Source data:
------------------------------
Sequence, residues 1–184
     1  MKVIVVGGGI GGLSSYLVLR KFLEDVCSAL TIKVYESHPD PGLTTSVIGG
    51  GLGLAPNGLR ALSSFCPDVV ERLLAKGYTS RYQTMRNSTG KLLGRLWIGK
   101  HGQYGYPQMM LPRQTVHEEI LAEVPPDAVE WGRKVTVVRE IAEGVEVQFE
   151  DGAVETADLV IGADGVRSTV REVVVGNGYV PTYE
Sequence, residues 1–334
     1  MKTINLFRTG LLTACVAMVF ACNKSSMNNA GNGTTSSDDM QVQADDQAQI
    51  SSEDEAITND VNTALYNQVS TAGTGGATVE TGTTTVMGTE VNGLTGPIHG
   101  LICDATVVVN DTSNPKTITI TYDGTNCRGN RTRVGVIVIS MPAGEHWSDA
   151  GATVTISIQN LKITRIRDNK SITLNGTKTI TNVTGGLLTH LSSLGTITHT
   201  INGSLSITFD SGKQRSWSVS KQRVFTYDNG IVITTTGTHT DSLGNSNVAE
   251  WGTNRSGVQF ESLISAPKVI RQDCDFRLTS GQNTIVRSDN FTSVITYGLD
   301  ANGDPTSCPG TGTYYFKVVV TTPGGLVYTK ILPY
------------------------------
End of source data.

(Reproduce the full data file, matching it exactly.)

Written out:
Sequence, residues 1–184
     1  MKVIVVGGGI GGLSSYLVLR KFLEDVCSAL TIKVYESHPD PGLTTSVIGG
    51  GLGLAPNGLR ALSSFCPDVV ERLLAKGYTS RYQTMRNSTG KLLGRLWIGK
   101  HGQYGYPQMM LPRQTVHEEI LAEVPPDAVE WGRKVTVVRE IAEGVEVQFE
   151  DGAVETADLV IGADGVRSTV REVVVGNGYV PTYE
Sequence, residues 1–334
     1  MKTINLFRTG LLTACVAMVF ACNKSSMNNA GNGTTSSDDM QVQADDQAQI
    51  SSEDEAITND VNTALYNQVS TAGTGGATVE TGTTTVMGTE VNGLTGPIHG
   101  LICDATVVVN DTSNPKTITI TYDGTNCRGN RTRVGVIVIS MPAGEHWSDA
   151  GATVTISIQN LKITRIRDNK SITLNGTKTI TNVTGGLLTH LSSLGTITHT
   201  INGSLSITFD SGKQRSWSVS KQRVFTYDNG IVITTTGTHT DSLGNSNVAE
   251  WGTNRSGVQF ESLISAPKVI RQDCDFRLTS GQNTIVRSDN FTSVITYGLD
   301  ANGDPTSCPG TGTYYFKVVV TTPGGLVYTK ILPY